Fifth Circuit Affirms Summary Judgment Where Plaintiff’s Lawyer Did Not Get an Electronic Notification of the Motion

In Rollins v. Home Depot USA, No. 20-50736 (5th Cir. Aug. 9, 2021), the Fifth Circuit affirms summary judgment in “a cautionary tale for every attorney who litigates in the era of e-filing.” The plaintiff’s lawyer missed the filing of a dispositive motion because “his computer’s email system placed that notification in a folder that he does not regularly monitor.”

In a personal injury case, “[t]he parties . . . agreed to a scheduling order requiring that all dispositive motions be filed by May 11, 2020.” Home Depot filed its motion on May 7.  “Rollins’s counsel contends—and Home Depot does not dispute—that the notification for that filing “was inadvertently filtered into a part of Rollins’ counsel’s firm email system listed as ‘other,’ instead of the main email box where all prior filings in the case were received.” As a result, counsel did not see the electronic notification of Home Depot’s motion.”

Because counsel did not respond to the motion, “the district court reviewed the pleadings, granted Home Depot’s motion for summary judgment, and entered final judgment on May 27.” It was Home Depot’s counsel who informed him that the district court entered final judgment on June 3. “Rollins filed a motion under Federal Rule of Civil Procedure 59(e) to alter or amend the court’s judgment against him. The district court denied the motion.”

The Fifth Circuit affirms denial of the Rule 59(e) relief. “The text of Rule 59(e) does not specify the available grounds for obtaining such relief. But our court has explained that Rule 59(e) motions ‘are for the narrow purpose of correcting manifest errors of law or fact or presenting newly discovered evidence”—not for raising arguments ‘which could, and should, have been made before the judgment issued.’”

“Rollins contends that the district court abused its discretion when it denied his Rule 59(e) motion, on the ground that the only reason his counsel did not know about Home Depot’s motion for summary judgment was due to a glitch in his email system.” But the panel holds that “[t]his argument is squarely foreclosed under our precedent” holding that failure to respond to a dispositive motion is not a “manifest error of law.”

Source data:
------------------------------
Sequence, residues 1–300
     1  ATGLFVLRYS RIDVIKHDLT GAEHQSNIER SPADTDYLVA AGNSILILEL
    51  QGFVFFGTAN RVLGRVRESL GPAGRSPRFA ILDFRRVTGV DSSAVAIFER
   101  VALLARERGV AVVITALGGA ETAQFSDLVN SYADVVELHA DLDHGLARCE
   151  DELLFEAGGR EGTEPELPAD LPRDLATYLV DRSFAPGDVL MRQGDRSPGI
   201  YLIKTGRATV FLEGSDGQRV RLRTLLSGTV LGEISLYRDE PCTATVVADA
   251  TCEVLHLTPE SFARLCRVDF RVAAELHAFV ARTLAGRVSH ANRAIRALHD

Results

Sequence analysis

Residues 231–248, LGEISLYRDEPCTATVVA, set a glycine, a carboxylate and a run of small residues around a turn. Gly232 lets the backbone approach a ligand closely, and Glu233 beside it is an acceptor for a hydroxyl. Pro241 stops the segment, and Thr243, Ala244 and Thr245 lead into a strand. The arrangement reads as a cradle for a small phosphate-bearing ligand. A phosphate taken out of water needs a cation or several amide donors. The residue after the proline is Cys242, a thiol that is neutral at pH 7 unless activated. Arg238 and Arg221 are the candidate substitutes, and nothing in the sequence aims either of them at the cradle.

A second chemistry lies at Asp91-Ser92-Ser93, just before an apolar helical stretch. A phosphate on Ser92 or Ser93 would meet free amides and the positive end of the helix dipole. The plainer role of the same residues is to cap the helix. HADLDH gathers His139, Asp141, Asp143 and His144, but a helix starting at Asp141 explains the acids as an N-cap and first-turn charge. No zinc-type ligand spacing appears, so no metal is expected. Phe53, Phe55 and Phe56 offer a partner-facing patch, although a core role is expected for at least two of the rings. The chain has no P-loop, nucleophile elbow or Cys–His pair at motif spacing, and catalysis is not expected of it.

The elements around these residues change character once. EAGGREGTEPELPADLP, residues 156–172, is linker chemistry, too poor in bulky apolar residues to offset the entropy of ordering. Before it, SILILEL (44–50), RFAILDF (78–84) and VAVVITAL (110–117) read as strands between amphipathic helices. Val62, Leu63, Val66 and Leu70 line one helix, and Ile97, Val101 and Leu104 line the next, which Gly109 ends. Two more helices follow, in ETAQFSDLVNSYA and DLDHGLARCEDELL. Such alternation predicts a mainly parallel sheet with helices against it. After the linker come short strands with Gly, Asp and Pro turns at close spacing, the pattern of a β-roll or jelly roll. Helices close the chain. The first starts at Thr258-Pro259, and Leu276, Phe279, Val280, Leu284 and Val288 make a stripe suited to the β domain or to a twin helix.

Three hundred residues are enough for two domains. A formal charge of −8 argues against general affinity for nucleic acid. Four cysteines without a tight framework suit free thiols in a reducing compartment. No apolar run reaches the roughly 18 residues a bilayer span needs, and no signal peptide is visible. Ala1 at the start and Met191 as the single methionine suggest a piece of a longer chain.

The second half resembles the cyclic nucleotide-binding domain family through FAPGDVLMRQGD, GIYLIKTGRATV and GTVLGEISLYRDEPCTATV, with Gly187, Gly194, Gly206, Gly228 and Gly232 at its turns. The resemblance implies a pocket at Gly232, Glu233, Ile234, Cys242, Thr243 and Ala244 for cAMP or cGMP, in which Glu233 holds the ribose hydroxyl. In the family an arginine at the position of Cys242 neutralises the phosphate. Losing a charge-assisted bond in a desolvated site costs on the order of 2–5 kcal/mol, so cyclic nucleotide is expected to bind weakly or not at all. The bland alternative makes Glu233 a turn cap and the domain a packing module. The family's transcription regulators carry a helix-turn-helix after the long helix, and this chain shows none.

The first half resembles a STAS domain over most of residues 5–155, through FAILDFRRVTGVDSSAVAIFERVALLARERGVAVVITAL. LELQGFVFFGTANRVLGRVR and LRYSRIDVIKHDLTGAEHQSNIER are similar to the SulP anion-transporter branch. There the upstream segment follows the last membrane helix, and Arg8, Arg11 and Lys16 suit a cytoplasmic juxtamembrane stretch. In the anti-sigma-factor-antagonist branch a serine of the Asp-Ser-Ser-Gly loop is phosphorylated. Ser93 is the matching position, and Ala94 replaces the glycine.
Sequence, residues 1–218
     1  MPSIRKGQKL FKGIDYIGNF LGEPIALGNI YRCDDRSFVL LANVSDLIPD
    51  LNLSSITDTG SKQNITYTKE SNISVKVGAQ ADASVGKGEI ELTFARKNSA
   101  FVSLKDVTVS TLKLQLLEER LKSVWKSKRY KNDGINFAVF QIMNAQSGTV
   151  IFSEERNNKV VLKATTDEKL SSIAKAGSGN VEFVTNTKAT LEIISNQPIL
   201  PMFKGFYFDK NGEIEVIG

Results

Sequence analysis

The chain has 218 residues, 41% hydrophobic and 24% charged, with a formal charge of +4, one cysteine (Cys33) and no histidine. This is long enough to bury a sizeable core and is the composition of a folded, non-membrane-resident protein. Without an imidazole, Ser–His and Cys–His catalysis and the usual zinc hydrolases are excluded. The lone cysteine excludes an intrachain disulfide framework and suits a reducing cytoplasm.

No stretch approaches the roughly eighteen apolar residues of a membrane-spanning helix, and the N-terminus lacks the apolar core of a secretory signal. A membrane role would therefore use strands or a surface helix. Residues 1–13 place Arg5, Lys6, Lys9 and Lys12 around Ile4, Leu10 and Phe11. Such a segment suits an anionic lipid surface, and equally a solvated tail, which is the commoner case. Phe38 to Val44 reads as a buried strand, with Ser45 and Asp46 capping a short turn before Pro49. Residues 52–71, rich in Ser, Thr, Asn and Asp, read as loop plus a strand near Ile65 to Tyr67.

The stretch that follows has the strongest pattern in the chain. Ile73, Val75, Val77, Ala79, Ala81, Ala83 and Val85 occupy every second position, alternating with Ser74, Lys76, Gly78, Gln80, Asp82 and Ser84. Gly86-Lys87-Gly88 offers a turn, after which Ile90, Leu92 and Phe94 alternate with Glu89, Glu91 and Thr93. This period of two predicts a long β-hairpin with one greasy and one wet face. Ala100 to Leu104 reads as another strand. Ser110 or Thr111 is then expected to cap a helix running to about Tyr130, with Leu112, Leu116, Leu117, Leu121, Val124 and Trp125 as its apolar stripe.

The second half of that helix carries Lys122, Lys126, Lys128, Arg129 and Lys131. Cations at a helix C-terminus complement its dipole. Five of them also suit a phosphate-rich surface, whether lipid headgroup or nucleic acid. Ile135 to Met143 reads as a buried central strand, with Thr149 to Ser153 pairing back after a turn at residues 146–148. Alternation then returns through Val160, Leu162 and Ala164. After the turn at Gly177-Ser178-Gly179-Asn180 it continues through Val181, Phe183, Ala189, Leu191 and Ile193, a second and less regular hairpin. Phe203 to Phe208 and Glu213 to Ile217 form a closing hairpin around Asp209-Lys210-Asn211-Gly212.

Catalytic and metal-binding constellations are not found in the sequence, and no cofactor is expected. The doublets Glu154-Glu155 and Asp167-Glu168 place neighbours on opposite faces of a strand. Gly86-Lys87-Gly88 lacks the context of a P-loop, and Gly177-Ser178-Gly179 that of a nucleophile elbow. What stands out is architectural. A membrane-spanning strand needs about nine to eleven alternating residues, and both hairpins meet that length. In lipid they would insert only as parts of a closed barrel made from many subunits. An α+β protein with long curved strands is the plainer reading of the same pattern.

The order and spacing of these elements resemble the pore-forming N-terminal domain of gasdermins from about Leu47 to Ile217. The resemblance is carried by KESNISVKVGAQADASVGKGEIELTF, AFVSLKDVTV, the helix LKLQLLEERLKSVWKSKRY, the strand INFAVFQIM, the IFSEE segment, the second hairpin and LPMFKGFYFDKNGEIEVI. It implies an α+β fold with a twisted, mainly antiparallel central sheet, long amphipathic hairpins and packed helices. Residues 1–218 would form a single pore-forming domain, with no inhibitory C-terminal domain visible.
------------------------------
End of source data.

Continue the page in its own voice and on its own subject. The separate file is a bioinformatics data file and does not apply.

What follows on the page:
“To be sure, we do not question the good faith of Rollins’s counsel,” but the panel holds that the failure to file was within plaintiff’s counsel’s control. “Notice of Home Depot’s motion for summary judgment was sent to the email address that Rollins’s counsel provided. Rule 5(b)(2)(E) provides for service ‘by filing [the pleading] with the court’s electronic-filing system’ and explains that ‘service is complete upon filing or sending.’ Fed. R. Civ. P. 5(b)(2)(E). That rule was satisfied here. Rollins’s counsel was plainly in the best position to ensure that his own email was working properly—certainly more so than either the district court or Home Depot. Moreover, Rollins’s counsel could have checked the docket after the agreed deadline for dispositive motions had already passed.”

The plaintiff alternatively tried to get the panel to take up the merits of the district court’s summary judgment decision, but the panel holds that the argument is forfeited. “We do not ordinarily consider issues that are forfeited because they are raised for the first time on appeal.” The Fifth Circuit holds that it has discretion to decide “a pure question of law” where “our refusal to address it would result in a miscarriage of justice.” The panel notes, though, that “it must be on guard for the risk of judicial bias when it comes to discretionary practices such as addressing forfeited issues . . . . It would surely be unacceptable, for example, if courts granted motions for extension of deadlines only for prosecutors and not for criminal defendants. Addressing forfeited issues in a biased manner is no different. Courts should not selectively address forfeited arguments just because they have sympathy for a particular litigant.” The panel finds “no principled basis for addressing Rollins’s forfeited argument here.”

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